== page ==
Security has been a fascination for me for years. Not only was I in law enforcement early in my career, but I also had security organizations report to me. I really loved doing security audits when I was one of the top internal auditors at IBM. What makes security such a fascination is that it often has more to do with how secure you feel and not really how secure you are. For instance, in a town with little crime, you may feel secure with your doors unlocked, but in a town with lots of crime, even bars on your windows won’t make you feel secure enough.
Using the bars as an example, we just had a number of deaths near me that resulted from the combination of bars that were incredibly well done and a fire that, instead of keeping burglars out, kept firefighters out, which made that particular security solution into a problem.
That’s what security information and event management (SIEM) started out being—more of a problem than a solution. This week at Focus, McAfee flipped its solution to provide not only peace of mind, but also the high probability of a far more secure enterprise.
Let me explain.
Old SIEM: CIO Early Retirement Option
With products that are adjacent to core CIO functions—security is in one of those adjacent areas—we often fail to realize the priority to how things need to be handled. For instance, let’s say you were creating a product that did structural integrity testing after a building was built. You wouldn’t deliver it until you could also provide a way for the builder to fix the problems. Otherwise, builders would run away from rather than toward the product. And developers who have to fund the building by getting tenants or buyers wouldn’t buy it either, unless there was some risk the buyer would buy and use it.
SIEM, as a class, started out focused like a laser on being a comprehensive way to identify potential problems. This might sound good to a security guy, and it actually almost brought tears of happiness to my eyes when I thought of what this would do for a security audit, but it was deadly to IT management. This is because there can be literally millions of exposures in a good-sized enterprise, the vast majority of which may never result in an exploit. Worse, if an attacker got access to a SIEM report, they would have a template on how to successfully attack the firm. This puts the CIO in a lose/lose situation. The report makes them look incompetent for not fixing known problems, and should the report leak, it may make management look like they contributed to the problem.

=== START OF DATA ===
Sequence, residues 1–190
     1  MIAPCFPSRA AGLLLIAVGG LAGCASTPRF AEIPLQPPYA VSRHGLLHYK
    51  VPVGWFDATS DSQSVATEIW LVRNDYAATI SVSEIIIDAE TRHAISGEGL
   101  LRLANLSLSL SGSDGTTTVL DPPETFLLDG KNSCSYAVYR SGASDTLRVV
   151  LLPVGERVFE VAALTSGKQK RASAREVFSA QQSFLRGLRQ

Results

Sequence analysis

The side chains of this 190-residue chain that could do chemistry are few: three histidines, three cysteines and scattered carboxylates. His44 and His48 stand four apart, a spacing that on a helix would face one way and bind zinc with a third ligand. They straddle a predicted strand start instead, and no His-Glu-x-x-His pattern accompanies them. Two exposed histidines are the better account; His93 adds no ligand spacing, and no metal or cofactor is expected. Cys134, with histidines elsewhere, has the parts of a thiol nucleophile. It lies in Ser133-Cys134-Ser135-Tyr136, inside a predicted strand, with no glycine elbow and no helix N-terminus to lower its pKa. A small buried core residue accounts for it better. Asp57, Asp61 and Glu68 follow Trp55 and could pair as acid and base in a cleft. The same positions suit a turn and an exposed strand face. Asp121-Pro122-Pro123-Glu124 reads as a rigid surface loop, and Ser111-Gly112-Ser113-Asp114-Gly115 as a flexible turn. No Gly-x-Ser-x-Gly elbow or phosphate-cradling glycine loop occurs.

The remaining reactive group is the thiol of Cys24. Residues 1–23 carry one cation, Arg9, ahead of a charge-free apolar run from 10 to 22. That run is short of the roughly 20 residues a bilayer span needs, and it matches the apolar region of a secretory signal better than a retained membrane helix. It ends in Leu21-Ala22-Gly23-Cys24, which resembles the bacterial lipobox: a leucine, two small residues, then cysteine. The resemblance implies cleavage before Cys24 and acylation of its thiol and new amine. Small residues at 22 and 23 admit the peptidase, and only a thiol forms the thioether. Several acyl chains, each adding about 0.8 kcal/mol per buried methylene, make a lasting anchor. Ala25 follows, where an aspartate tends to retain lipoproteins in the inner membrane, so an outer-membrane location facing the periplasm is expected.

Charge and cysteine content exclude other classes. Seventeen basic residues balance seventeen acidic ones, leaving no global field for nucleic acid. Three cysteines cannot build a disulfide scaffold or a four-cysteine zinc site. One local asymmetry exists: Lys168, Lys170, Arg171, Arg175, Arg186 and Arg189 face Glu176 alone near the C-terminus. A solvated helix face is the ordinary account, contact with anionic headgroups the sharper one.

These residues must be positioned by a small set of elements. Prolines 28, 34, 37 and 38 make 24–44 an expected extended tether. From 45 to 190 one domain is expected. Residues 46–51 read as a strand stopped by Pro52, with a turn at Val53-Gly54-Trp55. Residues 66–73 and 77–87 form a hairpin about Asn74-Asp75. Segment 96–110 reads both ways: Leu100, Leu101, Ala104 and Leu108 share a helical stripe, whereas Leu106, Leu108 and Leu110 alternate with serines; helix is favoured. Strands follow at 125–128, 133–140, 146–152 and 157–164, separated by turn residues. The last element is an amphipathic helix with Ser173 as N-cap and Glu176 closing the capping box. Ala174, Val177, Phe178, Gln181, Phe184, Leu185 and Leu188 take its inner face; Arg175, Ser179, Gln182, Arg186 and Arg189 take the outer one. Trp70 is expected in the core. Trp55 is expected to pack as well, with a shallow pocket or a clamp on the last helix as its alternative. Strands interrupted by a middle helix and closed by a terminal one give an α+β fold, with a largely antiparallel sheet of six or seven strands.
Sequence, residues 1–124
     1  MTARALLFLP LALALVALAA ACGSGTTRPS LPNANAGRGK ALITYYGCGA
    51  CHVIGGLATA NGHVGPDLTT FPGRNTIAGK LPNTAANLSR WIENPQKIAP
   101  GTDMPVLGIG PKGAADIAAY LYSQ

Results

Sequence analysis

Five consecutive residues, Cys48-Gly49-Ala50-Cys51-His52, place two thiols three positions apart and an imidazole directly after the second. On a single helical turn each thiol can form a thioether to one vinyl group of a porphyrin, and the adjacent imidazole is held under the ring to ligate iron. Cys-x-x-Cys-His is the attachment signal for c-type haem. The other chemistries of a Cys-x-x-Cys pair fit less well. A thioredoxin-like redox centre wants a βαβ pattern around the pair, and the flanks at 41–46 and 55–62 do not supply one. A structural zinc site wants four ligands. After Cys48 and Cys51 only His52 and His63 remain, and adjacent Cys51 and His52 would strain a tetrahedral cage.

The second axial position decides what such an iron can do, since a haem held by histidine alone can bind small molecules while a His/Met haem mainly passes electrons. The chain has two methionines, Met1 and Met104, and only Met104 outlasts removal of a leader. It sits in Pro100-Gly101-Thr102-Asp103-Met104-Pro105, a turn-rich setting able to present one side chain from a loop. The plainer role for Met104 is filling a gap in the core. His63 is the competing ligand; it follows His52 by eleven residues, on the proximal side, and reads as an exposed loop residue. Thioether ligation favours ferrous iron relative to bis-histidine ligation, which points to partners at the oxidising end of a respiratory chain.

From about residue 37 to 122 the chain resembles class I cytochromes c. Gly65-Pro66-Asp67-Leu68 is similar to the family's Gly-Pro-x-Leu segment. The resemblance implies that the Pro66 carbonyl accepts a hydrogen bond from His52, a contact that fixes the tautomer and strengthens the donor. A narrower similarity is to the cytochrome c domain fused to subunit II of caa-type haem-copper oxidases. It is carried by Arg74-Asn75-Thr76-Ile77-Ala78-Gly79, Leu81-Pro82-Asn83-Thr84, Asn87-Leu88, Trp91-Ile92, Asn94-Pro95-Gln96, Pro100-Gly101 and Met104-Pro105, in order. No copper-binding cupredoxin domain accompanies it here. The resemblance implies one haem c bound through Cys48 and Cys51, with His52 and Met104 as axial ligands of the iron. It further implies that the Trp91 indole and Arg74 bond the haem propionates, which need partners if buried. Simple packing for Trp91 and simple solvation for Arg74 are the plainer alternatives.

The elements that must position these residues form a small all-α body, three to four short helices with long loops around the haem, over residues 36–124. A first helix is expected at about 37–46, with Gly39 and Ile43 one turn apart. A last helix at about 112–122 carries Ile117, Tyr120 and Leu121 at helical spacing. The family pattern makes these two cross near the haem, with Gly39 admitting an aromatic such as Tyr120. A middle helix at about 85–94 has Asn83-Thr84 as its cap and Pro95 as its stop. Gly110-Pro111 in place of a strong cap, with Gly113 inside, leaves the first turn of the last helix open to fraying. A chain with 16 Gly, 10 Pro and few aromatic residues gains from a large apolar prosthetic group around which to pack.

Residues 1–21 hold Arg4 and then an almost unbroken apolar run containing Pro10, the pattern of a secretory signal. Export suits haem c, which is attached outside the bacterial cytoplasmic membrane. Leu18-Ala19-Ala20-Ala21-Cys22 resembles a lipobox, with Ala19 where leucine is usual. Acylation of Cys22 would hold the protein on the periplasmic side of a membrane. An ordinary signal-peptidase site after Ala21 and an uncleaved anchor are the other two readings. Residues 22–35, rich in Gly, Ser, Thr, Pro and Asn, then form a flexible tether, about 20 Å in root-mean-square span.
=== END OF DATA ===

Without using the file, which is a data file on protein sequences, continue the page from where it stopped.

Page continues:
McAfee Fixing SIEM
With McAfee’s latest offering of Enterprise Security Manager (ESM), it took the focus off of comprehensive lists of potential exposers and put it on actual exploits and then included remediation tools so an attack can be not only instantly identified, but it can also be mitigated nearly as quickly. This turns SIEM from being a tool that mostly assured that IT management felt unsecure into one where IT management can feel they may actually have a handle on the problem—and it appears to have that capability. This week at McAfee Focus, the company fixed SIEM and turned it from being an IT problem to potentially (given the level of security threats in the market) being its strongest weapon in the fight to keep the enterprise secure. And it spans from traditional to mobile platforms.
Wrapping Up: Avoiding the Ass Backwards Problem
The lesson learned in this process is that any tool that identifies a problem, particularly one that can identify large numbers of them, has to come with an affordable method of fixing the problems. A tool that just tells you that you are screwed not only isn’t valuable, it is career limiting. It makes you look negligent or incompetent. But a tool that focuses on real problems and provides a rapid and cost-effective way to fix them can be priceless.
At Focus this year, McAfee got it done and I think IT folks will be thankful for that. This latest SIEM offering can actually make them safer, both in the enterprise and in their jobs.